I think it’s very obvious now that the future of maps / local is “social maps.” It will be really interesting to see how the space evolves in the next few months.

The bottom line: Facebook believes maps are a core mobile application that it needs to own, even on Google devices. Waze can help it make social mapping software that users will prefer over Google Maps.

Industry source #3:

The simplest and most important reason is that Waze is an awesome, quickly-essential-to-users mobile app, and mobile “real estate” is what Facebook desperately needs.

Facebook needs apps with strong enough appeal that they cannot be displaced by the “house” apps from Apple or Samsung (or Google, etc.).
Reason two is that Waze lets you see where your friends are. That’s a bigger value than just driving. But unlike check-ins, the user doesn’t need to do anything. So, integrated with the FB social graph, that’s amazing.

The last reason is that buying Waze helps Facebook realize its vision for the News Feed — a content feed that knows everything about you, and can use this information to determine what you need and want to see at that very moment. A big part of knowing everything about you is knowing where you are at that moment.

The bottom line: Owning Waze gives Facebook more mobile usage, and might even make its core product, the News Feed, more robust.

(VIA. Business Insider)


With Over 15M Sites Built, Weebly Launches New Planner And Mobile Editor, Brings Website Creation Service To Android

In this day and age, if you own a small business, you need a web (and mobile) presence. It’s just the way it is. Some might opt just to go for a social media approach, a Twitter account and a Facebook page, but the likelihood is that you want something a little more flexible, high-quality and something that gives you more control over the user experience. More and more, people are turning to Wix and Weebly. The two big “W’s” in the website creator world.


For those unfamiliar, Weebly is a service that lets you, your mom, grandmother, four-year-old cousin and anyone you know create a quality website for free. Launched out of Y Combinator in 2007, Weebly has had over 15 million sites created using its service to date, which collectively attract more than 100 million unique visitors each month. This week, Weebly has kicked its service up a notch with an all-new overhaul to its website builder — one that’s been a year in the making — and the launch of an interactive “Site Planner.”

This new site planner is designed to help give people ideas and a little lightbulb-style inspiration that will help them walk through the creative process and vision for the site. Plus, Weebly now offers an HTML5 site creator that offers new themes and pre-fab building blocks to customize their new site, and, most importantly, a new mobile new editor that helps them optimize their site for mobile devices, along with a now-globally available Android app.


In the lead-up to the big launch, co-founder David Rusenko tells us, Weebly surveyed several million consumers and found that about 56 percent of them, understandably, don’t trust a business that doesn’t have a website. And, yet, 58 percent of businesses don’t have a website. Pretty eye-opening in today’s world, when over a billion people are on Facebook and hundreds of millions have so much computing power in their pockets.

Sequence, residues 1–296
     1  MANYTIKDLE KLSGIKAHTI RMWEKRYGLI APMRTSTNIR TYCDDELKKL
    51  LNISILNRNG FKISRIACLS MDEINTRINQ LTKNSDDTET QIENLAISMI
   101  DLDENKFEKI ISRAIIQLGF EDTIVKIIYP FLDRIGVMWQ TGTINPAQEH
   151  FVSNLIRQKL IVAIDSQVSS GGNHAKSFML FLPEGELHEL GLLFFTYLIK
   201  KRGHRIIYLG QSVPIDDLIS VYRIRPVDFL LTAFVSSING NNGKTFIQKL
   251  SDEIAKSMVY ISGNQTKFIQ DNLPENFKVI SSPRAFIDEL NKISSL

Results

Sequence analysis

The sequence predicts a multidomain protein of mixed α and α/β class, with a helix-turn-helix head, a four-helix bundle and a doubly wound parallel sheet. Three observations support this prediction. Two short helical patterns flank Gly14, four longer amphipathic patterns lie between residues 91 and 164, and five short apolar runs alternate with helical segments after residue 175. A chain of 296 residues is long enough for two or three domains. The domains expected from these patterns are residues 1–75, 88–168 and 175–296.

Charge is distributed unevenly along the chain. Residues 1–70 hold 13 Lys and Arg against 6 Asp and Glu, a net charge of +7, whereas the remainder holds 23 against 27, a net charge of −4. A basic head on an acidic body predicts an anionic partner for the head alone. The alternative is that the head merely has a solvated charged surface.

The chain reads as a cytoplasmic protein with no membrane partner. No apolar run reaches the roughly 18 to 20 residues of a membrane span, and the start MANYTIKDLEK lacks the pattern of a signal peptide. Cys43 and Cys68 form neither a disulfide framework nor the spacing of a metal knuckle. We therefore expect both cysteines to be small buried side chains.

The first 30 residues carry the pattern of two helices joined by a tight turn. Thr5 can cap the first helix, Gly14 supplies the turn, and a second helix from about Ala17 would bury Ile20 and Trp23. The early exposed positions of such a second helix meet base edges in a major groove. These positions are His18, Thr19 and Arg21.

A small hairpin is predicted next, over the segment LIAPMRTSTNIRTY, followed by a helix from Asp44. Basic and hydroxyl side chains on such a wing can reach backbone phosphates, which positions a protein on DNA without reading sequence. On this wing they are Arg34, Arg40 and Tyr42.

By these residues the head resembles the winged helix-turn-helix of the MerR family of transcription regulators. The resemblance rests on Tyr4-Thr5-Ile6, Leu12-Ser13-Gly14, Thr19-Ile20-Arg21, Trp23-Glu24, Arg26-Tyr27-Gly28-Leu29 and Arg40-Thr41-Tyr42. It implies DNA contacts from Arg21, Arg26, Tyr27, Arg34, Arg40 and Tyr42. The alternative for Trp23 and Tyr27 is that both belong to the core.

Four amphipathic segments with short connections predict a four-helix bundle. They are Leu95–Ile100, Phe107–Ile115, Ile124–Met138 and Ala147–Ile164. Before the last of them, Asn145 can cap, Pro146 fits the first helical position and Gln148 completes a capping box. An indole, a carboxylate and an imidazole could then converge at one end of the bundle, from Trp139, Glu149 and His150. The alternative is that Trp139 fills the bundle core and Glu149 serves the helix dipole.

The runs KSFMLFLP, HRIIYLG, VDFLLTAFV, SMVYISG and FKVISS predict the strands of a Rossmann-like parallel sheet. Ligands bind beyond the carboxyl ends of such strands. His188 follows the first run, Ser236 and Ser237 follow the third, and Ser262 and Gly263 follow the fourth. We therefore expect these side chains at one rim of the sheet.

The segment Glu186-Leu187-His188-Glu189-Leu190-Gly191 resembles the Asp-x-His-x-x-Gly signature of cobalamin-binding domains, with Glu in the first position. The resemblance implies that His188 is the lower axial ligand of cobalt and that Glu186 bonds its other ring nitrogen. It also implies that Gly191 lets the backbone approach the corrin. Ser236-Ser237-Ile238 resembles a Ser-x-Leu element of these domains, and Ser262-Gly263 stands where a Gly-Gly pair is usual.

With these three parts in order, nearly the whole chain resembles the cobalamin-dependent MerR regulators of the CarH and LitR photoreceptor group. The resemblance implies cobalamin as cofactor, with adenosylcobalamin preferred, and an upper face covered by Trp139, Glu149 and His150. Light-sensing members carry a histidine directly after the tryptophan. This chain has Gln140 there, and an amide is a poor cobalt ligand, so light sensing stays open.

Ask the Weebly founders who their core audience is and they’ll tell you, proudly, that it’s entrepreneurs — people who are trying to build their own small businesses, across every industry, not just techies. And, regardless of technical proficiency, the problem that most small business owners struggle with is how daunting it can be to face that blinking cursor, the blank page. It’s the same issue we scribblers deal with in cases of “writer’s block.” When building websites, people want ways to test out their ideas, lay out their vision, and help bring it to life.

So how does it all work?

The new Weebly site planner offers people ideas and inspiration to help ‘em plan and think through the vision for their site, which is pretty cool, as it offers a step-by-step, interactive guide to help them identify goals, organize and layout their pages. According to the founders, 55 percent of people who visit Weebly have never built a website before, so the HTML5 site creator is designed to help make that process easy on n00bs and experts alike, give their site a personalized, unique design, photos, text and so on.

The new mobile site lets users customize how their site looks for their visitors on computers, phones and tablets, allowing them to create a separate design for mobile using a distinct theme, while editing their site in a mobile viewer. As they go, they can switch between different views to see how it will look on both Android and iOS.

In turn, the company’s new Android app basically brings everything that was already native to the Weebly experience to Android, including the ability to create blog posts on the go with drag and drop mobile blogging, add photos and text to their blog, social sharing, push notifications, commenting and analytics.


“For the first time, entrepreneurs around the world have a single place where they can easily
start a site that works across computers, phones and tablets,” said Roelof Botha, partner at Sequoia Capital who led Sequoia’s investments in YouTube, Square, Tumblr and more. “We believe demand for Weebly’s site creation tool is just beginning.”

Users can sign up for Weebly in a minute, pick their site address, whether or not they want to use the free service or a premium plan which starts at $4/month, and jump in. The service now helps you plan the layout, create the site, drag-and-drop-style and publish to the address of your choice. Weebly takes care of the cross-platform optimization and SEO, leaving you to do the rest. Pretty cool.


(VIA. Tech Crunch)


How to Convert PSD to HTML/CSS–Free 52 page preview


It’s a step by step guide on how to convert a design made in Adobe Photoshop into functional HTML/CSS files.

You can learn how to take your Adobe Photoshop designs and convert them into fully functional websites using HTML/CSS. This definitive guide doesn’t just walk you through the basic process, it also teaches you to analyze your graphics before you write one line of code, check your design across multiple browsers, and handle any necessary bug fixes.

Offered Free by: Artmov

Receive Your Complimentary Guide NOW! -> Soshitech.Tradepub.com